A Weekend for the Ages (that Managed to De-Age Me)

Ocean Lawn (North Shore, Massachusetts, New England, the U.S., planet Earth)

Picture, if you will, a one-decade-married couple strenuously quarantining for 18 months with their 2 small, sleep-dependent children. As a result of the quarantine, the parents: (1) haven’t ventured outside of a 70-mile radius of their home for one full year, and (2) haven’t taken a proper vacation in two full years; and as a result of the sleep dependence, they also (3) haven’t been away from both kids overnight since kid #2 was born three years ago, and (4) have not been alone for two consecutive nights in five full years (and maybe closer to six).

Now picture how it might feel for those two stir-crazy adult human beings to drop off their children and drive 7 hours to Massachusetts while listening to great music and enjoying uninterrupted adult conversation on a pristine September day, rock out to their favorite band for 2 perfect nights, eat some incredible food, meet some wonderful people, visit an idyllic bit of North Shore coastline, and then drive home while listening to more great music and enjoying more uninterrupted adult conversation on a somehow-even-more-pristine October day.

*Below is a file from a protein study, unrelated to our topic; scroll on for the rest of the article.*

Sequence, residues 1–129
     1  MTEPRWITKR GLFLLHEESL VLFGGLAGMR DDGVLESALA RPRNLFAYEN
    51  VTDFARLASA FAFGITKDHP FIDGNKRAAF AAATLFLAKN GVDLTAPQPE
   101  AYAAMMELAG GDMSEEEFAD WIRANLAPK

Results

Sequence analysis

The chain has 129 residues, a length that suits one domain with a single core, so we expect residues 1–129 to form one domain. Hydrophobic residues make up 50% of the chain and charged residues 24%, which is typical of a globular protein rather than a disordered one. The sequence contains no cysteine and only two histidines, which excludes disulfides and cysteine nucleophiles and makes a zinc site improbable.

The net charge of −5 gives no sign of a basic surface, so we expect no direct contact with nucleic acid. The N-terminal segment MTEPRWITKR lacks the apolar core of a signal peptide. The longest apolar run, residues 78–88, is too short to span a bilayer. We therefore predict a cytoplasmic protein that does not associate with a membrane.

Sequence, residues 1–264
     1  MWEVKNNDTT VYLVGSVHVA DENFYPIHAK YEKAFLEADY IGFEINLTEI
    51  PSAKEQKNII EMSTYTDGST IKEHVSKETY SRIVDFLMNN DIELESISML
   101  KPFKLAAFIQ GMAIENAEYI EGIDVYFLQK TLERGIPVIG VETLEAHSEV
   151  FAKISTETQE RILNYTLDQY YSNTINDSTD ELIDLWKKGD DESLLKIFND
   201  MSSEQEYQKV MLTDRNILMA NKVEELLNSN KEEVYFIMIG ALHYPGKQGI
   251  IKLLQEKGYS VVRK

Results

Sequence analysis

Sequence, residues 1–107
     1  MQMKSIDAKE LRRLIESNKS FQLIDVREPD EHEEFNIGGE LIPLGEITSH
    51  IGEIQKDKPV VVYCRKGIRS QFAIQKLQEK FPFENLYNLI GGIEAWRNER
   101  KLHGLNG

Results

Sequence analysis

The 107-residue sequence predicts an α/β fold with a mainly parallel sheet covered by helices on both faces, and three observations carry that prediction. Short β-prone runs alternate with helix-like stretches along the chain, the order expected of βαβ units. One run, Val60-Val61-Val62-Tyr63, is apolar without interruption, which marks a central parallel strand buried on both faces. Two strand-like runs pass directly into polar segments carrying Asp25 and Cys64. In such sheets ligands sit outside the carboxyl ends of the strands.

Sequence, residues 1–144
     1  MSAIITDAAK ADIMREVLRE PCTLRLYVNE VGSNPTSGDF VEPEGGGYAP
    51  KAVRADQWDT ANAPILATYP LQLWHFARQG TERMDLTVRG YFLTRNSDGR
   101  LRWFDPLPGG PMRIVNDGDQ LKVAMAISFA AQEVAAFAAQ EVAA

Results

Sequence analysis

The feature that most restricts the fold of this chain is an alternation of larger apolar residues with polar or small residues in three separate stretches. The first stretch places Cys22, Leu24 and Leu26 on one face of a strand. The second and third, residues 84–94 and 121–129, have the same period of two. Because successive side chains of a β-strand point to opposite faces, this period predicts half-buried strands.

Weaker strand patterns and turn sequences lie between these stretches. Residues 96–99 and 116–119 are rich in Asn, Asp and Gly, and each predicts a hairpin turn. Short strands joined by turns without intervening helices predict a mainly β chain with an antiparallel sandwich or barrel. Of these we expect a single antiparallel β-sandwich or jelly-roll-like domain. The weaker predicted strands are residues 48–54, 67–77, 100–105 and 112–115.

You might imagine that such a trip would be refreshing. And exhilarating. And re-human-izing.

You would, unsurprisingly, be quite correct.

There were a few things we didn’t know when we booked the tickets for this these concerts back in May. We didn’t know what the Covid situation would look like in late September. And we didn’t know for sure if Violet (2 at the time, 3 by the time of the concert), a mama’s girl to end all mama’s girls, would be able to sleep independently at Grandma’s house for a night, much less two nights in a row. But we booked the tickets in good faith that we would be able to wean her off co-sleeping. And in good faith that our favorite band and their chosen venue (in deeply Covid-conscious Massachusetts) would have every advisable pandemic protocol in place to keep all of us concertgoers safe.

In the end, our faith proved… good. And the result was a no-one’s-won-the-Powerball-in-months-sized jackpot of long-awaited respite (and rocking).

Below are some scattered snapshots of our epic weekend, presented for posterity. And also, perhaps, so that I can convince some lucky soul to check out Caspian — my favorite band, which also happens to be Danielle’s — for the first time.

I’ll start with the concert stuff, and then go on to the general weekend stuff.

  • I won’t bury the lede here. We met the band, you guys. We met the band! Well, we met 3 of the 6 of them. I had met those 3 (Phil and Jonny and Cal), plus a few former band members (Chris and Erin and Joe), in years past when I saw the band play in Denver (3x) and Philadelphia (2x). And every conversation I’ve had with any member of Caspian has been entirely memorable, and entirely unintimidating. These are the most accessible, unassuming guys you’ll ever meet in the rock world. I usually get awkwardly starstruck when I meet people I admire, but there’s no need to feel too struck by these guys. Because they don’t seem to see themselves as stars.